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How can I make my child go to school if they are anxious?

Updated: Aug 24, 2022

In this FAQ series, we asked clinical psychologist Catherine Gallagher “how can I make my child go to school if they are anxious?”

Like any anxiety provoking situation, there are a number of factors we need to consider to reach this desired outcome of going to school. Firstly, we need to understand what anxiety is, and the impact that it's having for your child. Secondly, we need our children to learn strategies that can help them deal with the anxious feelings when they arise. As parents, we need to learn them too, so that we can truly support our child. And the final thing, we actually have to make a start, to support them, to break the cycle of avoidance. So in other words, get them into school.

This may not come as a surprise to you, but people don't get over school avoidance through continuing to avoid school. So yes, the pathway for them to return to school is to actually get them into a rhythm, or habit some may say, of going into that school environment, with support strategies of course.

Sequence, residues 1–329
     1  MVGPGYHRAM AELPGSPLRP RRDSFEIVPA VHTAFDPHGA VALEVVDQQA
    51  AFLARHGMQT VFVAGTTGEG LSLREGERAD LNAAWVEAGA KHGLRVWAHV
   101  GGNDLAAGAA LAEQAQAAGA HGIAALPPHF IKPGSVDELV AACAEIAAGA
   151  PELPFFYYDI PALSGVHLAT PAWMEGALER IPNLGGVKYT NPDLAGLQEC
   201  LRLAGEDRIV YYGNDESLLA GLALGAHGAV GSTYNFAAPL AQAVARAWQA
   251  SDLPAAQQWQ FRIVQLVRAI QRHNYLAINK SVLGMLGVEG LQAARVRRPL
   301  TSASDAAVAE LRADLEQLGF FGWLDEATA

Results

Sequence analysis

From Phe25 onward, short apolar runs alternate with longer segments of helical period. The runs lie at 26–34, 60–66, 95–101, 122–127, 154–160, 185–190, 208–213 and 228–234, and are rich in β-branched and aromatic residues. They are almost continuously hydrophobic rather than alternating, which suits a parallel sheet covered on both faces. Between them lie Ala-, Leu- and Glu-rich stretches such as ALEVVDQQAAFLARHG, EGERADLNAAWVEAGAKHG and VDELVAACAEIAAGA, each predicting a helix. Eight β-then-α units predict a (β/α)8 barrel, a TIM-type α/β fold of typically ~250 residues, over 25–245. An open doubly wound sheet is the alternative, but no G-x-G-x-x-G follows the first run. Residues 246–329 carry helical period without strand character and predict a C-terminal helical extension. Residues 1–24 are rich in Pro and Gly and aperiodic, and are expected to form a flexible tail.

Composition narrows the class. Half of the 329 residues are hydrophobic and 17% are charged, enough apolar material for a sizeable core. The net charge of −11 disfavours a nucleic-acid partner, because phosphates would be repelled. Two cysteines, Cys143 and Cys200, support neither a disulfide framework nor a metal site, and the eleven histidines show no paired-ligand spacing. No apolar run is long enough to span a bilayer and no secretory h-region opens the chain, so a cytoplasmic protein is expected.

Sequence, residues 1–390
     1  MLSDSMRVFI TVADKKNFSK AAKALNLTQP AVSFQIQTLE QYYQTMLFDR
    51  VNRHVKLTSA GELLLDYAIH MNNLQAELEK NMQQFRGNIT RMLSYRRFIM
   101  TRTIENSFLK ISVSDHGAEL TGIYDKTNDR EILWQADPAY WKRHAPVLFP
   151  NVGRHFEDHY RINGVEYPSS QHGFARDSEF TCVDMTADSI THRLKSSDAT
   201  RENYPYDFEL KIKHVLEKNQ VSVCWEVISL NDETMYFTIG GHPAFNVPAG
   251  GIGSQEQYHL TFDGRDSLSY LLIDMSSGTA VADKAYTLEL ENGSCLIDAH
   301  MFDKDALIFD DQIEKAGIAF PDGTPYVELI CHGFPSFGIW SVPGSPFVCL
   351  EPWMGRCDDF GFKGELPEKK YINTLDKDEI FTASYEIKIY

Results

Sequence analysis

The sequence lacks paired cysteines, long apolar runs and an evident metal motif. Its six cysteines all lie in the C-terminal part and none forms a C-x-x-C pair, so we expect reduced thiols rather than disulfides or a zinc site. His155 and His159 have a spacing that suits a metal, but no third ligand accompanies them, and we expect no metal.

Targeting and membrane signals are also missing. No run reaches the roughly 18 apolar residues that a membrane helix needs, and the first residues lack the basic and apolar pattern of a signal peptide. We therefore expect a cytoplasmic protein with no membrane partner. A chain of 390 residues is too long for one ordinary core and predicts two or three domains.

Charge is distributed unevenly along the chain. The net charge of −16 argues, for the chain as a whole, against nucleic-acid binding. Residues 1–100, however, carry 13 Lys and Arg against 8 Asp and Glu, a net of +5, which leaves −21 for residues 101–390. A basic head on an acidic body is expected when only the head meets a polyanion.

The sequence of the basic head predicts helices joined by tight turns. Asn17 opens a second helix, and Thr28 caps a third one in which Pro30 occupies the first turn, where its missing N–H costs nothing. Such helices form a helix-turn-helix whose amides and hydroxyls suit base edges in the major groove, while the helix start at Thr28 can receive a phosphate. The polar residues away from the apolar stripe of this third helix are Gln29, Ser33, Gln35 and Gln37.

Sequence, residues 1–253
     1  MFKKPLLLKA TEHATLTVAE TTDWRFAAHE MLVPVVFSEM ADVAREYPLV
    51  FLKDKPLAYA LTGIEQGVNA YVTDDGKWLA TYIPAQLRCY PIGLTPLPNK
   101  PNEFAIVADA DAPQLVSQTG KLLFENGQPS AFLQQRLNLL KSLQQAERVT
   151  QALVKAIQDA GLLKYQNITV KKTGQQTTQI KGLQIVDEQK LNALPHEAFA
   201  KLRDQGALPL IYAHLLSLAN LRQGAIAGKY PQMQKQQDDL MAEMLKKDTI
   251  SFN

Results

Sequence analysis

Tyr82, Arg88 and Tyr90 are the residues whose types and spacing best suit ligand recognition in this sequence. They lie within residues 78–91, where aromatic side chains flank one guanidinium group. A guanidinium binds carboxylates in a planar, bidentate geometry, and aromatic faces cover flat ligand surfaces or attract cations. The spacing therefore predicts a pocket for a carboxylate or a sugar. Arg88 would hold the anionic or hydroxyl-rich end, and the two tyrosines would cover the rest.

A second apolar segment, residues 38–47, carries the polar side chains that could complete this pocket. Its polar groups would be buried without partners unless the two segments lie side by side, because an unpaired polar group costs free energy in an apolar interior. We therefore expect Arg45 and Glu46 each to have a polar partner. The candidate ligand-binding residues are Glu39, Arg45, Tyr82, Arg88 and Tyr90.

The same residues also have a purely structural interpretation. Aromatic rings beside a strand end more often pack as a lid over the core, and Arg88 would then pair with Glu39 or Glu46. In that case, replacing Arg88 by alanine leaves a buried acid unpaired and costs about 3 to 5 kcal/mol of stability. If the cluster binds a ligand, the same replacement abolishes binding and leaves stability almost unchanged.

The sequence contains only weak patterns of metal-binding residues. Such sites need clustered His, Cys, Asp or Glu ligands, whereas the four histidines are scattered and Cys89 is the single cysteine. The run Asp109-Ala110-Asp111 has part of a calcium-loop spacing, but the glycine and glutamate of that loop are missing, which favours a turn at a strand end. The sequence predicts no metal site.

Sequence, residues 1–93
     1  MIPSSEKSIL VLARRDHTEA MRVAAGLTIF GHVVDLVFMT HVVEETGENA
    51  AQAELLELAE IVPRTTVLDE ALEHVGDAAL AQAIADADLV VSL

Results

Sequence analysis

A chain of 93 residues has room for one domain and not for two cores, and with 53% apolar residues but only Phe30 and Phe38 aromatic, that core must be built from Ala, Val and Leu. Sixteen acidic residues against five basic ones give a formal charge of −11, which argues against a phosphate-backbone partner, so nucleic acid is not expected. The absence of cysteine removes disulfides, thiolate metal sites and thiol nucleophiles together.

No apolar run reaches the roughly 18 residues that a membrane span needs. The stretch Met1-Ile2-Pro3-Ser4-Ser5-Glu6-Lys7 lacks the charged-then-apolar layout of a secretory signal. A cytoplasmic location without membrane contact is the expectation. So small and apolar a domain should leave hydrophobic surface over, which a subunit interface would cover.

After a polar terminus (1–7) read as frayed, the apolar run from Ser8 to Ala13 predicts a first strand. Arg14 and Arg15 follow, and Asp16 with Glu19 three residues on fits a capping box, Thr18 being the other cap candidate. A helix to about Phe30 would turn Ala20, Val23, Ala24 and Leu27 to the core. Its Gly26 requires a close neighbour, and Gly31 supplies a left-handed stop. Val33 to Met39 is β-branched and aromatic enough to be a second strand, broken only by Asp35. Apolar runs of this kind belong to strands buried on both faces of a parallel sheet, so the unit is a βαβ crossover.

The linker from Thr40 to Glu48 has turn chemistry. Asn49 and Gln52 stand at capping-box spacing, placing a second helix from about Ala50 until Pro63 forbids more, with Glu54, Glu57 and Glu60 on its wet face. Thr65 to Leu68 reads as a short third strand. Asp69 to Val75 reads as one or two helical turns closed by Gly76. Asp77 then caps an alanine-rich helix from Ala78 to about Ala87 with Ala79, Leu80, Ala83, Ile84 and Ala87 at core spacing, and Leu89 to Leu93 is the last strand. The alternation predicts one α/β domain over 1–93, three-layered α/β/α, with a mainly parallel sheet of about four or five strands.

Sometimes that support can look like pretty firm parenting, but to really make a positive impact on their anxiety around school, we've got to get them back into the building. This will mean that their narrative, that school is dangerous and they can't cope, gets chipped away at. They learn that they can be in that environment, even if they feel uncomfortable sometimes, because they have the resources, strategies and the skills to manage those feelings. They may even start to have some fun...hopefully!

Now, a wee caveat at the end here; it is incredibly important to recognise that is aimed to help with anxiety provoking situations. However, for some young people, the school environment has actually become quite dangerous. If there is significant bullying taking place, or issues that are making school a significantly difficult place to be, we need to know about that. It's important to know about your child's world, and to be in communication with school. With all of this information, it can be much easier to work out if there is actually something dangerous, or if it is strictly anxiety having an impact. In that case, we know there are things we can do.

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